Hinch was convicted in 2011 and sentenced to home detention for naming two sex offenders whose names were suppressed by non-publication orders

However, it wasn’t all bad news for Pringle. The paper appealed against its, and his, convictions and the matter made its way to the High Court which ruled that the article was unlikely to embarrass or prejudice the criminal proceedings against Rigby. The fines were set aside.

A more serious example of contempt was that of Alan Jones in 1992. Police officer James Killen was facing trial in Sydney for conspiring to pervert the course of justice when Jones interviewed an officer from the drug squad who declared that New South Wales police were subject to false allegations.

The trial was aborted, Jones was later fined $2,000 and radio station 2UE was fined $77,000.

The case came back to haunt 2UE in 1996 when another of its stars, John Laws, took to the airways to declare that a Michael Connolly was, among other things, ‘absolute scum’, ‘a pig’ and a murderer who had ‘to go in the bag’ for his crime. The problem being that Connolly’s Supreme Court trial was still in progress.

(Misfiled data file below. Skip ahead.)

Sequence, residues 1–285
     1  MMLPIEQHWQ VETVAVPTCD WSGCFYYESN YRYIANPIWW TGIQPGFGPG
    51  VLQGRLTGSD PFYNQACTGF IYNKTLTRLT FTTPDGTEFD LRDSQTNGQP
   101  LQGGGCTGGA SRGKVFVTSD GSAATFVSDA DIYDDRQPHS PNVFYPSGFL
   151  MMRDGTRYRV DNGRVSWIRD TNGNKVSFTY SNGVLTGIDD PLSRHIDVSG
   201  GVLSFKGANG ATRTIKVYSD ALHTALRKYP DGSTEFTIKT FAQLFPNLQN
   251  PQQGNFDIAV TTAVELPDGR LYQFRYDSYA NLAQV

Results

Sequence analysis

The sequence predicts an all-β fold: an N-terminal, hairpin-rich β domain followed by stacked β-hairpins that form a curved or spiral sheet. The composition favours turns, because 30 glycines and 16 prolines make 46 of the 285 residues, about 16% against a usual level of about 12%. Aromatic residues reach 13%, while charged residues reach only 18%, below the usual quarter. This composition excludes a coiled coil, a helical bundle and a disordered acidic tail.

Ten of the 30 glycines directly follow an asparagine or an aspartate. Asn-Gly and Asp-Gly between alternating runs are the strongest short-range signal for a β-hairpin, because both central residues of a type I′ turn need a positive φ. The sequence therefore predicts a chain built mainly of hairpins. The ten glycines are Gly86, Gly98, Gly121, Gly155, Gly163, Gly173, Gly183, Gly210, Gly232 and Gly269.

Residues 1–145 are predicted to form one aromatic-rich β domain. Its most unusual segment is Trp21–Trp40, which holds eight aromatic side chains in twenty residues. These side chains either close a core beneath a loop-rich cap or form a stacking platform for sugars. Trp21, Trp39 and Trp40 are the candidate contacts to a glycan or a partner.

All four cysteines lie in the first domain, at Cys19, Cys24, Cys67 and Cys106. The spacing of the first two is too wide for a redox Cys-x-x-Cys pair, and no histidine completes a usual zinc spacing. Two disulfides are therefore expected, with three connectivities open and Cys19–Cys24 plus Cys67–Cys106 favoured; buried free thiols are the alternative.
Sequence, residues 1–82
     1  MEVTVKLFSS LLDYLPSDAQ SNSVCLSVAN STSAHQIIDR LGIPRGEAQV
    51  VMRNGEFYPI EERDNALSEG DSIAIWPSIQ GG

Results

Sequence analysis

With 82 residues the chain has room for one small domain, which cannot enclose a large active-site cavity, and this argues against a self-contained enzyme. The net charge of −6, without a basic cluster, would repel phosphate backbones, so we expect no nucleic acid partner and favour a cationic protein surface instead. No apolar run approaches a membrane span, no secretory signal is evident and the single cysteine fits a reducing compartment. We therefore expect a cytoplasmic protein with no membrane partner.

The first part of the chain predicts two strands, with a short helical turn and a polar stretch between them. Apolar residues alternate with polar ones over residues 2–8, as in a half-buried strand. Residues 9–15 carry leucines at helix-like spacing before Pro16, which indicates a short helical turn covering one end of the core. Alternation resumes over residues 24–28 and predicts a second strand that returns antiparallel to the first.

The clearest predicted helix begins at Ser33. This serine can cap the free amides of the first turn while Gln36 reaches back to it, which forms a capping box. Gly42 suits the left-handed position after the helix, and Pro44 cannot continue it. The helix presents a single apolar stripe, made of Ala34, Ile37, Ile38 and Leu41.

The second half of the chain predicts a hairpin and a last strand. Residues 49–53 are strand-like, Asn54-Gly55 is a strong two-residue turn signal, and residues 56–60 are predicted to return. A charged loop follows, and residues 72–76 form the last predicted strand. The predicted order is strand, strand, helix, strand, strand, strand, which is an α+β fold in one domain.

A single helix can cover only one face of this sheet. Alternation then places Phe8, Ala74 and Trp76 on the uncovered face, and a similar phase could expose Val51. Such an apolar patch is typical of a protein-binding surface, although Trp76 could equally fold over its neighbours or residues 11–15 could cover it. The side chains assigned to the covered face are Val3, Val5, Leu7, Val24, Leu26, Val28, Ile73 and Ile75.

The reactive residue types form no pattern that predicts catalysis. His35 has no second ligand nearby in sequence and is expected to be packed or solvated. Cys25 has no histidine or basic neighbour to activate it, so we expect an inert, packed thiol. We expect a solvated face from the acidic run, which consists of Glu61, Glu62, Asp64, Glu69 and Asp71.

Again, the jury was discharged and again the station and its announcer were charged with contempt.

‘The contempt was objectively very serious,’ Justice Priestley found. ‘Had it been intentional, very severe penalties would have been required. Until the day before the penalty hearing the court had no inkling of why the contempt had occurred. On the face of things, it seemed as if 2UE and Mr Laws simply did not care about what he said over the air.’

2UE had introduced some policies and procedures for its staff to follow after the Jones affair, but as Justice Priestley noted there was no evidence Laws knew anything about them.

The Court of Appeal fined the station $200,000 and ordered it to pay the attorney general’s costs of $60,000, while Laws was fined $50,000. It was a fine that Justice Meagher, who also heard the case, described as ‘ludicrous’, ‘the equivalent to a slap on the wrist’ and equated to what Laws would spend ‘on a small cocktail party’.

‘I regret to have to say so in plain language, but in my view, it would be a reproach to the court and an insult to the public,’ Justice Meagher stated. His Honour continued:

It would be a reproach to the court because it is the court’s duty to make appropriate, and not risible, orders. It would be an insult to the public because the public would think that if you are rich enough and powerful enough you can get away with anything.

Justice Meagher made clear that he would have gaoled Laws ‘for some months’ and fined him $250,000, but with Justice Powell joining with Justice Priestley on the question of penalty, Laws was spared time off air. Justice Powell found that Laws was merely negligent as opposed to acting recklessly or intentionally. BN

Stephen Ryan